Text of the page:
Asking the Fish to Waitby J. Robb Brady
Post Register, December 29, 1999
In a long-awaited report on how to recover Pacific Northwest salmon, the National Marine Fisheries Service ducked.
The National Marine Fisheries Service and other federal agencies involved in a five-year, $20 million study of salmon failed to endorse the centerpiece of that recovery - removing the four lower Snake River dams.
It's still studying alternatives like barging fish around the dams, modifying the dams and flushing more Idaho water down the Snake.
Only breaching has been endorsed by research and hundreds of scientists as the one option offering fish the best chance of survival.
Increased barging doesn't work. And because a reservoir lacks the river current so vital to healthy fish runs, no amount of dam renovations can compensate for those deficits.
Short of breaching, the only sure way to accelerate the river current is using more water. That means taking Idaho water to preserve fish threatened by dams located in eastern Washington state. It's estimated the so-called fish flush would need at least 1 million-acre feet - in addition to the 427,000 acre feet already being released in the recovery effort by the Bureau of Reclamation.
In a critically dry year, drawing that much water out of Idaho could take as many as 643,000 acres of farmland out of production.
Think it can't happen? Idaho already got an early warning. Last month, nine western environmental organizations gave notice they intend to sue the government because the river flows are inadequate to support fish migration.
If the federal agencies resort to using Idaho water, scores of water attorneys undoubtedly will cite state water rights law. The state, not the federal government, controls water, they will say.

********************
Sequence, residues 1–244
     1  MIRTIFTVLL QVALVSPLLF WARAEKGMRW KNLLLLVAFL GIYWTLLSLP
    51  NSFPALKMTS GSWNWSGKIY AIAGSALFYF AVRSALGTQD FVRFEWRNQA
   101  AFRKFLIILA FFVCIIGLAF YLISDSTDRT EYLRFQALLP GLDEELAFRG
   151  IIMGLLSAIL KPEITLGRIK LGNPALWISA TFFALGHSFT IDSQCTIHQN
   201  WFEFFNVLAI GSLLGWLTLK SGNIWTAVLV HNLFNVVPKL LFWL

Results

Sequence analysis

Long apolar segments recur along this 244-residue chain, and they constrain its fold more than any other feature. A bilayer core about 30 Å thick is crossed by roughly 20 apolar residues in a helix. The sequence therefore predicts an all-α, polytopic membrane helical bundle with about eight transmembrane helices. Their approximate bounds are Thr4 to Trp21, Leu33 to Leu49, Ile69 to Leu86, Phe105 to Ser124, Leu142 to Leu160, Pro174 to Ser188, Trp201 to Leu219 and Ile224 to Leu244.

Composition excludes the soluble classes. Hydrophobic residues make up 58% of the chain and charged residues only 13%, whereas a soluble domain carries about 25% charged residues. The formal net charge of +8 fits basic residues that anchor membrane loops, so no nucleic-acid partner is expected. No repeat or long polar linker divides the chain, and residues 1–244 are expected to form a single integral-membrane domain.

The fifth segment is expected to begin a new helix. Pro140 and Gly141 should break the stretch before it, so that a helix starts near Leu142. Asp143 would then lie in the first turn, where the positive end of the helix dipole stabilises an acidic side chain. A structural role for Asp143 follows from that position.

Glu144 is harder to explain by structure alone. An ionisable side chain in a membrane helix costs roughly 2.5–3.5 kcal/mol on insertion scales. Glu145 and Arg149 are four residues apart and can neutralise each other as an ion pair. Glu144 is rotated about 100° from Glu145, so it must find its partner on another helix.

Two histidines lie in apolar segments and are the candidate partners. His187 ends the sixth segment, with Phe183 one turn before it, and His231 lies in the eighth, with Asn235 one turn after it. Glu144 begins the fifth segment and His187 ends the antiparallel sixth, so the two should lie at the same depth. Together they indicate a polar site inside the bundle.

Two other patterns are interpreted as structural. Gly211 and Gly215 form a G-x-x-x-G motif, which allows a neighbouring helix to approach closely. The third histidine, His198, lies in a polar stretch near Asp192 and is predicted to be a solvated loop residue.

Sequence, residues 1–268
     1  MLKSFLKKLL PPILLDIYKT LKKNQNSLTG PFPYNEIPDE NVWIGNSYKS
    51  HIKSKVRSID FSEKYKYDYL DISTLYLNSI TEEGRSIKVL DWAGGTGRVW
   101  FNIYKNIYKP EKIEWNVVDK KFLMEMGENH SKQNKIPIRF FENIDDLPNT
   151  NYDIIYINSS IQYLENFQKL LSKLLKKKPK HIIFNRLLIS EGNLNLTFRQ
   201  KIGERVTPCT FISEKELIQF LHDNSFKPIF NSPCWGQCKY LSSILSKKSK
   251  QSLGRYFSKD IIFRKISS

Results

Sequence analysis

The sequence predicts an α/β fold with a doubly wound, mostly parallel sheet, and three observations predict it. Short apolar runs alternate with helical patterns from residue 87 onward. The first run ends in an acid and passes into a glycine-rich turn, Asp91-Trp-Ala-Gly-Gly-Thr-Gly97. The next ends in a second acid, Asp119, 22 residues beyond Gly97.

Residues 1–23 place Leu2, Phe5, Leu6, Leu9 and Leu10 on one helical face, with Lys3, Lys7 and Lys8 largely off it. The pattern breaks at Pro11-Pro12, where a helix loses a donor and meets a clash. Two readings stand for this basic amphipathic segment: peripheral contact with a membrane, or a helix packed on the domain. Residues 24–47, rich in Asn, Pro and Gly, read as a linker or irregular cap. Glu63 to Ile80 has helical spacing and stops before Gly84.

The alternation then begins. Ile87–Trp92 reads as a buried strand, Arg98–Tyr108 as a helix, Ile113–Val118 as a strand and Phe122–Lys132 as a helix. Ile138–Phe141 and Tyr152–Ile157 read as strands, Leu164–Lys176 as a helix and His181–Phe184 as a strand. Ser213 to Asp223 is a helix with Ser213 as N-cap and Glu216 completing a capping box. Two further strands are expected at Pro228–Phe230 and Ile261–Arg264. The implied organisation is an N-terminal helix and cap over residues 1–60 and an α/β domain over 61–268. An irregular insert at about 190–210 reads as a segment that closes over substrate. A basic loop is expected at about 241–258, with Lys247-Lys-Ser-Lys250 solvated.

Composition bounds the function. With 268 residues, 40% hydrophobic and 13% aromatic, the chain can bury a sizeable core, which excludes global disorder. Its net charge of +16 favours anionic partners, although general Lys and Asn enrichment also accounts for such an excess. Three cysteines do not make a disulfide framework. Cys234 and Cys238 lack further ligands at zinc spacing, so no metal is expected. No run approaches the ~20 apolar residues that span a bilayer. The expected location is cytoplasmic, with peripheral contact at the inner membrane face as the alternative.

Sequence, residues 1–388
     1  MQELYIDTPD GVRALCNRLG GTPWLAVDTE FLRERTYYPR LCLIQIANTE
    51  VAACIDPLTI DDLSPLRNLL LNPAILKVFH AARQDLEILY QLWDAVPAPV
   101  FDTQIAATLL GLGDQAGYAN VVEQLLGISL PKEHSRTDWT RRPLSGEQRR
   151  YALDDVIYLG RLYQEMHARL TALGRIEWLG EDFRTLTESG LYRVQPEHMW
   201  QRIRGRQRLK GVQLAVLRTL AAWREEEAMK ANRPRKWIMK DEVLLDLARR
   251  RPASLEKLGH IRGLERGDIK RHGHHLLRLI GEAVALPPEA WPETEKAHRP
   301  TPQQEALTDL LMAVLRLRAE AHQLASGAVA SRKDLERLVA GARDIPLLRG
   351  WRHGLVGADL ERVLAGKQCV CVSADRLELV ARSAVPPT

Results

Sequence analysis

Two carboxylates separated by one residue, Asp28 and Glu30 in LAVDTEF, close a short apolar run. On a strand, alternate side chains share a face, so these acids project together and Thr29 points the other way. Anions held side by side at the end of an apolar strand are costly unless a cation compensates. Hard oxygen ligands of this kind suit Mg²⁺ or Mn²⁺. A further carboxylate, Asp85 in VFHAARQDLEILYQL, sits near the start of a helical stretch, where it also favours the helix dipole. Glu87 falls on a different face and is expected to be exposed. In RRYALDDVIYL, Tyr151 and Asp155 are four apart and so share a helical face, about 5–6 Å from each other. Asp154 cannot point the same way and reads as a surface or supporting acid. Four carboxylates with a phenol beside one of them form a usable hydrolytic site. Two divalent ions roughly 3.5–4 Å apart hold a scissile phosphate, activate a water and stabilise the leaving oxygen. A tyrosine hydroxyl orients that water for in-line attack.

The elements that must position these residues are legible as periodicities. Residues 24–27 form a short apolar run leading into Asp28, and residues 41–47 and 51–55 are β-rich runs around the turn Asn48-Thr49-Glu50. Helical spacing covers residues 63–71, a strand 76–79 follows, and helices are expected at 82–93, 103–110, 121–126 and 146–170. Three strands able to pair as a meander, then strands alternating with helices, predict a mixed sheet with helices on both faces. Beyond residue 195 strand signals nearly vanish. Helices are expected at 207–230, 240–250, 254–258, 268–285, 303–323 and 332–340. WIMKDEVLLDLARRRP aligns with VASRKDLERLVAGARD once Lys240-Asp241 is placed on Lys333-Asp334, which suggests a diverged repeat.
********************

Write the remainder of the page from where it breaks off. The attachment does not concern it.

Privately, however, attorneys in and out of Idaho are becoming apprehensive that the Endangered Species Act will prevail over state water law.
Former Sen. James McClure, who is working with the industry-led opponents to dam removal - Idaho United for Fish and Water - says breaching is a political impossibility. The coalition includes groups like the Idaho Farm Bureau, the Lewiston Chamber of Commerce and the Idaho Consumer-Owned Utilities Association. But the coalition is ignoring the weight of biological and economic evidence on the side of dam removal:
The Bureau of Reclamation has estimated that the potential loss of irrigation water would cost Idaho's economy $45 million to $210 million a year, depending on the weather. If that isn't harsh enough, the state's economy would be further harmed by the need to preserve salmon habitat upstream of the dams. That means new restrictions on Idaho's ranching, logging, mining and all water-related industries.
Northwest Indian tribes have treaties guaranteeing the preservation of fishing rights. If the fish go extinct, the tribes could sue the government and possibly win as much as $6 billion.
The government now spends more money to save fish than it earns by selling electricity generated from the four dams. The Army Corps of Engineers estimated it would lose $251 million to $291 million a year if it couldn't generate electricity from the dams. Compare that with some $325 million spent each year on salmon recovery.
Breaching the dams will work a hardship on the Port of Lewiston and the individuals who use it to barge goods 140 miles to Pasco, Wash. But last week's draft study suggests a $24 million small subsidy to shippers and expansion of rail and truck services would mitigate those problems.
Kent Laverty, director of the Idaho Wildlife Federation, summed it up well when he said: "It's pretty clear. It's going to come down to removing the dams (and they're only 4 percent of the regional power network) or eliminating sport fishing and hurting farmers."
Sadly, the people in the government who know this best are unwilling to act.
learn more on topics covered in the film
see the video
read the script
learn the songs